With a hot, fused vortex desperately trying to reclaim its particle mass, and the heat simply refusing to capitulate, one of the two has to give way.

We can assume it will not be the gravitational influence of the star itself, therefore it has to be the heat. For our new star it is simply a waiting game. It can hold its gravitational ability as long as is needed, and still remain a strident force even when heat is reduced to such an extent, the Solar System itself gradually beings to lose momentum.

As heat permeating the Solar System reduces itself, particle matter starts to operate to a principle of equivalence: All objects in a vacuum fall with an equal ratio.

A slow decent back towards the core of the star, is then under way.

The star will, by this time, probably have switched from bright yellow, possibly even a strong white, with them early temperatures, toward a sallow blue. A brand new Solar System laden with sulphur and carbon, offset with oxygen and Hydrogen is by this time starting to capitulate. Very hot temperatures relinquish their hold - and all solid matter recedes back to its point of origin.

But as this procession gets started, a new set of laws enter the equation. As all matter slowly pursues a descent towards its ultimate destination, the star itself, we must assume a certain amount of matter arrives first. This will begin to fuse immediately with the star's rim. And once that happens, matter begins to burn, heat is restored and rotation once again commences, gravity is returned and all globular matter solidifies.

These early pieces of solid matter, probably iron based, become the very foundation of new planetary life. We can assume the more solid and dense they become, the higher the volume og gravitational influence they produce, the more they will attract other particles towards them.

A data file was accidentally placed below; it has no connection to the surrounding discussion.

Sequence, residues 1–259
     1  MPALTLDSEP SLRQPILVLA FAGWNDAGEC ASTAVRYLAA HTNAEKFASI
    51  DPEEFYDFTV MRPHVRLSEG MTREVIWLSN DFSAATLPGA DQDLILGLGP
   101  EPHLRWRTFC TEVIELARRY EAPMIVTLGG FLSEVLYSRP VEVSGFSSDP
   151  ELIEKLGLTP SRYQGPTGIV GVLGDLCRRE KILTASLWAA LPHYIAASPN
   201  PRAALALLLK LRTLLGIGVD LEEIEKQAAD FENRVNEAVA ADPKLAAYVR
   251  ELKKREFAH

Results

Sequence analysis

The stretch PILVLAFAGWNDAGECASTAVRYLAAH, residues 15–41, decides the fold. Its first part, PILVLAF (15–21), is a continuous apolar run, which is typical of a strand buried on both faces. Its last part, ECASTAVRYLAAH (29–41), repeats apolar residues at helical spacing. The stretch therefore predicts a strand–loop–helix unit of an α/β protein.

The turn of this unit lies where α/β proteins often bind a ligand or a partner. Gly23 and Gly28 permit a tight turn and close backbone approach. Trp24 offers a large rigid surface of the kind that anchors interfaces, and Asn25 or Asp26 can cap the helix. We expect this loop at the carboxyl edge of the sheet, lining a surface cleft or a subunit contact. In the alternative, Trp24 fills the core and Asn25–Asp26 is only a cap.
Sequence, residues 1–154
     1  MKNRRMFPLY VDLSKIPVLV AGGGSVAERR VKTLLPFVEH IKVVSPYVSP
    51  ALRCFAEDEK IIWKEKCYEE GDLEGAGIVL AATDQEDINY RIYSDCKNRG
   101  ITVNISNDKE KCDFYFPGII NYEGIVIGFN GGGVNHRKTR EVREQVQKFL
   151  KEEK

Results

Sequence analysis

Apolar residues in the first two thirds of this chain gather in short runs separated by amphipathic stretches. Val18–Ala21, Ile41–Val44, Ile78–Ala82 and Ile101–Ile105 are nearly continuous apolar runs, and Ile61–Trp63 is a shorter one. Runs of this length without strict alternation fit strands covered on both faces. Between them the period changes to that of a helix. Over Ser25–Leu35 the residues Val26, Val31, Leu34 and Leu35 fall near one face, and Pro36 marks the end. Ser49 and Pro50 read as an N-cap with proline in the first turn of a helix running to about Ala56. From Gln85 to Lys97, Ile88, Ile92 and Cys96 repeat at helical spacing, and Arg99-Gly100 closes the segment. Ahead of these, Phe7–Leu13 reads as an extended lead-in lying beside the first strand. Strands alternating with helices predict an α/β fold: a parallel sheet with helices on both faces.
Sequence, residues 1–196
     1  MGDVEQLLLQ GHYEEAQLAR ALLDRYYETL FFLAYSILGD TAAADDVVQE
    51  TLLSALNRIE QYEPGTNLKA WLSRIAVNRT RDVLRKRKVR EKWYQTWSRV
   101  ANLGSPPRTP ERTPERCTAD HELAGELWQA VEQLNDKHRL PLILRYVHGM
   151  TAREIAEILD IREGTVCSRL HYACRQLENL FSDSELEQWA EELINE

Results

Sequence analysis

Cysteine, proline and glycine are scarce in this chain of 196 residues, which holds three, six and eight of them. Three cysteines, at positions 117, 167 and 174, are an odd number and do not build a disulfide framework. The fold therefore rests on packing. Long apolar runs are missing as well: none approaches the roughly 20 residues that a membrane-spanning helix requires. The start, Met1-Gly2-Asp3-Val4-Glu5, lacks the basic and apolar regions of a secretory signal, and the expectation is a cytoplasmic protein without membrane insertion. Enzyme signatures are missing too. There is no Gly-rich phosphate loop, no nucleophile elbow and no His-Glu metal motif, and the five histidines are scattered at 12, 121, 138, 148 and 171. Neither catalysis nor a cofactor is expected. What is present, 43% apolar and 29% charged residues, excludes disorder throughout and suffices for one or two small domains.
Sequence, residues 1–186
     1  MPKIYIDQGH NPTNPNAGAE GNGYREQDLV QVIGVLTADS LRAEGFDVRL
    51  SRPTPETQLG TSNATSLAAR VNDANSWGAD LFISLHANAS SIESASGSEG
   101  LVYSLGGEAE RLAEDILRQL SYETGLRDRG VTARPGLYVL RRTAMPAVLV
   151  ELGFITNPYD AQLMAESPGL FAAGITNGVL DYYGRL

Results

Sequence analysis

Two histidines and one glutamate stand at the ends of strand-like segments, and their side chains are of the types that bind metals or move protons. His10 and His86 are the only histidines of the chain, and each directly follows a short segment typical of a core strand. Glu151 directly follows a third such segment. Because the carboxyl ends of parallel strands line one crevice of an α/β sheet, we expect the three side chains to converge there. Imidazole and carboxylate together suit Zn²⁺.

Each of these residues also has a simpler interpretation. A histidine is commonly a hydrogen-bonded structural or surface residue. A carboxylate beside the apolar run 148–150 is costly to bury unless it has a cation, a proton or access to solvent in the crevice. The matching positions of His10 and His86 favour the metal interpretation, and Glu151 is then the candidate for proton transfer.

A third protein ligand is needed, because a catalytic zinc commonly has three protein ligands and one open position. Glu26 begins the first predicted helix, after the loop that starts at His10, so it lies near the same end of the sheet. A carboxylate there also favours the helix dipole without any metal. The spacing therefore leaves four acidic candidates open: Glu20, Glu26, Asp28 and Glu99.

We might like to think of a simple analogy to explain this event, so a complex theory becomes more ingrained on the mind and produces an easier recognition in future discussions.

Picture a solar system, slightly cone shaped, with a large hot vortex at its base. The rest of the Solar System rising upward, literally crammed with primordial gases, some larger fragments of rock and debris. Now let it spin in your mind, so the whole system rotates violently in one huge gas filled eddy. And you'll see, as those larger pieces of matter find their own value within the cone-shaped voticies, the chances are they will try to counter act this hot tempest. In other words they will try to envelope a system where they spin counter clockwise to the vortex itself. Therefore, if the vorticies moves itself clockwise, large forming material will move counter-clockwise to try and retain its position within the voxtex.

This should enable the newly clumping matter to collect gas. Imagine it like a machine at the fun fair, where a candyfloss is bought. A stick is run around a large steel bowl scooping hot melted sugar, which is then converted it into a large fluffy, pink cloud.

Imagine in the Solar System large early rock formation acting just like that stick, and all the Solar System gas building up around it. Eventually, what will remain, will be a couple of dozen different planets, all large gas giants, and all the excess gas removed to close proximity around them.

Our Solar System at this point would then begin, over millions of years, to find its own parity. And the volume of mass of the star would match that of those newly formed gas structured Planets themselves.

Once again we have encountered a principle of balanced forces, where the star, and its elementary Planets achieve weight distribution.

But we have to deduce, from this belief, that nothing can stand still forever. We could easily assume the Solar System is now out of control. The star can no longer control its freshly constructed embryonic planets, and they in turn, cannot determine the future of the star.